You can enable/disable right clicking from Theme Options and customize this message too.

Category : Models

Sip & Shoot…

This past Friday I got the opportunity to attend a photo meet-up called Sip & Shoot. Ordinarily I hate meet-ups. They usually take place in area too small to facilitate the number of people. They rarely have enough models to shoot. And sometimes they don’t like you to bring in your own equipment. This meet-up was the complete opposite. Firstly, the location, House of Blended Ink or HOBI, was big enough to accommodate anyone that wanted to shoot. They had several areas available to shoot. Secondly they had a fair number of models, in addition to MUA’s and stylists. But what I like the most is I was allowed to bring my equipment in and use it. While they did have enough equipment for the photographers to use. I simply like using my own stuff. I bought it, I know what it does, and we work well together. They also had a good mix of photographers, from newbies to experts.


They even had a professor of photography. I only knew so because he told me about his five degrees. My personal opinion, the money you spend on a photograph degree is more useful when you use it to buy gear. Nonetheless it was great to get out and shoot again. I will definitely attend the next one. And just in case you are wondering, yes, I did sip a little and shot a little too.



It was definitely a great experience.  I thought I might be a little rusty because I had not shot in a while, but just like riding a bike everything was still there.  The lighting, composition and most importantly the communication with the model.  I was able to get these marvels in such a small amount of time.  I simply was in rhythm, in stride, and on the beat.  Maybe it’s due to the so many years of practice or maybe it was the few sips of wine and the atmosphere.  Either way it was a great night of shooting.





RS Noir

You Have the Look I will give you an image.

After being away from photography for an extended period, about a year for school.  It  felt really good to get behind the camera again.  For this shoot I asked the model, Maggie Xia, to challenge me, help me create shot different than normal. Let’s do a image that is compelling and tells a story.  Her only request was that she wanted to do something darkly lit.  So we shot in a dark room and I brought a little bit of light.  I wanted the shot to have a mood of mystery, a cool and crispness that takes film noir a step further.  I call it RS Noir. In film school we study a period in film called Film Noir. Instead high key images, the directors shot using less light and darkness dominated to image. It proved make to seem more mysterious and help them tell a different story. Usually, the story would involve a a detective, a wife, and a murdered husband. In these whodunnit’s the wife would normally be the suspect and the director would just play around with did she do or didn’t she do it. Along the way she would always try to seduce the detective to get him to see things happen the way she said they did. The dark nature of the scenes made the femme fatale seem more seductive and that much more of a mystery. In the end the detective would always be able to resist her charms and the femme fatale would go to jail. This was the formula and it was followed for quite a long time. The best modern day example of a femme fatale would be Sharon Stone in “Basic Instinct.” In this image I wanted to depict Maggie as she makes her move trying to seduce the detective. Did she or did she not do it? The answer’s a mystery.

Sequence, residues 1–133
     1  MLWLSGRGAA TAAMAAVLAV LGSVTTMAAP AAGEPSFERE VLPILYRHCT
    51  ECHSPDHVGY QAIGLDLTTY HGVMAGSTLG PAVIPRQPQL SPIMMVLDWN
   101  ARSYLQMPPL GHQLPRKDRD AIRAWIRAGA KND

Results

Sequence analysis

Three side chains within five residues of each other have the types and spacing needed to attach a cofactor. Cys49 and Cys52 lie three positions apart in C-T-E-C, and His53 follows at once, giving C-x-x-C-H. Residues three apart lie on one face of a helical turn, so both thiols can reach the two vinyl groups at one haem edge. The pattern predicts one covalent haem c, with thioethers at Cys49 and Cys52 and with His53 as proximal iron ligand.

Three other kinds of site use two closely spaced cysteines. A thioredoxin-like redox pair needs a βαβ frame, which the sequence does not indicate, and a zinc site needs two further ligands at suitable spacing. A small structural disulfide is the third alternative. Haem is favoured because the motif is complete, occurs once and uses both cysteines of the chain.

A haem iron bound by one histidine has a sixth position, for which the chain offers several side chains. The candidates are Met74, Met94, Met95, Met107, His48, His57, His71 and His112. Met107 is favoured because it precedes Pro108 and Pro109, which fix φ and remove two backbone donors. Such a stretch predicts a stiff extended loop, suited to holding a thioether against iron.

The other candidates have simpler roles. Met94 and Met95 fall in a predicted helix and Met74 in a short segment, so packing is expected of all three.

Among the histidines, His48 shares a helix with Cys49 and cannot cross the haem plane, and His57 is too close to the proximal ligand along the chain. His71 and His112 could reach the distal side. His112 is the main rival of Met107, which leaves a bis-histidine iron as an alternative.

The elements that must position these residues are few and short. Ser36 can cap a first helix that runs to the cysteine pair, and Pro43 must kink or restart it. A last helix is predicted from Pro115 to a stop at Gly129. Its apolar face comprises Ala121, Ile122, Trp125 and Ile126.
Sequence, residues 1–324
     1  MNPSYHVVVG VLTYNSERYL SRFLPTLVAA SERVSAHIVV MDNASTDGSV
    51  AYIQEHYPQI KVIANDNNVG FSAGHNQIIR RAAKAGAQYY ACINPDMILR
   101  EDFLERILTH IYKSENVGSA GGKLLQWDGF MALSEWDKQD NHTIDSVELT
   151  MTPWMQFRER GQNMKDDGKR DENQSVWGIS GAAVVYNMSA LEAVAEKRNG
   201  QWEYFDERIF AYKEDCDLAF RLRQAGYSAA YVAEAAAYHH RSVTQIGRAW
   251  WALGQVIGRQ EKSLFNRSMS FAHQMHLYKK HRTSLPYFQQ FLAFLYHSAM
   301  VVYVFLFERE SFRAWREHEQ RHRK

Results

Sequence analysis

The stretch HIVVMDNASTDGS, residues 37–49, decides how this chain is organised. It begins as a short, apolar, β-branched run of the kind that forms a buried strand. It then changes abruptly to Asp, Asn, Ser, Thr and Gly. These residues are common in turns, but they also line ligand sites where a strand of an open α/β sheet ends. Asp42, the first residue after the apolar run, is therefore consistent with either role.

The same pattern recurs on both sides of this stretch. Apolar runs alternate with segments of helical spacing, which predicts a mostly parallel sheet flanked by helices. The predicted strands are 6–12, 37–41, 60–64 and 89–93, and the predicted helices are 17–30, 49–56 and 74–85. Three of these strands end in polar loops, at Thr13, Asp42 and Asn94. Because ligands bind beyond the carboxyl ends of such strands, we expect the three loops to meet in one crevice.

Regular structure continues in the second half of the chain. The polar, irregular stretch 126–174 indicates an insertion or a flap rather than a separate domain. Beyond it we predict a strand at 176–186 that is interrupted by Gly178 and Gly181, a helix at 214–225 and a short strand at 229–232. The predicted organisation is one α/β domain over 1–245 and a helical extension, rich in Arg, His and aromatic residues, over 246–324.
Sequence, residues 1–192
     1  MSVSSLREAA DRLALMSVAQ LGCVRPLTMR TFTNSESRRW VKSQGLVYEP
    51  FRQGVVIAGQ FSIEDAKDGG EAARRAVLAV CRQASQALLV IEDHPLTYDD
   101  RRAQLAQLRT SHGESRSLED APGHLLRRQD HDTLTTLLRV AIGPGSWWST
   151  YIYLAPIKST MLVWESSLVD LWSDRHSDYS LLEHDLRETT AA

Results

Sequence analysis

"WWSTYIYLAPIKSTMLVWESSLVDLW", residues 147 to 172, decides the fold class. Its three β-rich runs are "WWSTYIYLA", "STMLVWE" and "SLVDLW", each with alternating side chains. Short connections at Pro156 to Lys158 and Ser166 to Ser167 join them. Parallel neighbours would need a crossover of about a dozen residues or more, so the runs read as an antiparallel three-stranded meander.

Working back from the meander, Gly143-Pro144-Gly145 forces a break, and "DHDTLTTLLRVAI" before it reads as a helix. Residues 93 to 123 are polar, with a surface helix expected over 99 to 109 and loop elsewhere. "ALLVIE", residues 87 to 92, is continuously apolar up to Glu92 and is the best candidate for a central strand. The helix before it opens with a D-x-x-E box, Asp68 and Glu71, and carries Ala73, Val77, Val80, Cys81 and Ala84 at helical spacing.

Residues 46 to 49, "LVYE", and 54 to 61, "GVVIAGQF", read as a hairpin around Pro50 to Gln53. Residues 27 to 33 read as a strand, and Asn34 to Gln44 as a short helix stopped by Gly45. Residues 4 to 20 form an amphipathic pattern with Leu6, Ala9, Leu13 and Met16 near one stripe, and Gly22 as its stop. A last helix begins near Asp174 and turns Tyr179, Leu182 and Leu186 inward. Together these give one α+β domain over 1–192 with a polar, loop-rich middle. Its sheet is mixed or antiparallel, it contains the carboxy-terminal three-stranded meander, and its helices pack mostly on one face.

You Have the Look I will give you an image.

You Have the Look I will give you an image.

You Have the Look I will give you an image.

Intimately Close…

Unknown chic

I shot this some time earlier this year.  I don’t know the model’s name, but I’m really impressed with the soft emotional look she provided in this shot.  I like framing a shot really tightly to help pull the emotion out the image.   Instead using negative space to outweigh the model, I instead chose to fill the frame with as much model as possible.  This way the viewer can feel the model’s essence, and get a window into her soul.  I chose to post process the image this way to help convey softness and a very mellow mood.

Model: Marie

Time for a reset…

RS Photography

Due to other commitments I have not been able to shoot much over the last year.  Photography has been a passion of mine for quite some time now, and to be honest I miss being able to shoot like I used to.  Over the last year I’ve actually considered giving it up.  Partially because of lack of time and partially because of the rise of social networking.  As afore  mentioned unfortunately I simply don’t have the free time to create the work I love.  Given the opportunity I’d get right back out there again, lay on the ground and shoot some pics.  However, the rise of  social networking has meant a decline in request for physical prints, which to a photographer is your bread and butter.  But could it possibly be so bad that I should give it up??  Should I let this colossus run me over and end what I so love to do?  No way, no how.  It’s not going to happen.  I came across this shot a couple nights ago and decided to tweak it.  I thought to myself I did this shot over 2 or 3 years ago, and I still find it a striking shot today.  It was just a simple in studio shot of model, Michelle Dominguez. I like the connection she had with the camera. I gave the image a sephia tone to give a vintage type of feel. To me it adds to the pose. In it she’s not looking so much like a model, just simple shot of her hugging her knees. Yet it’s also warm and welcoming. A shot that’s just pleasant to the eyes. Around the time when I shot this image, I was on a photographic upswing. I could create any idea I came up with. I was at the very top of my hierarchy of needs, self actualization. I was at peace. How could I possibly give this up?  This is what I do.  I am photographer.  Plain and simple. I shall achieve my peace again.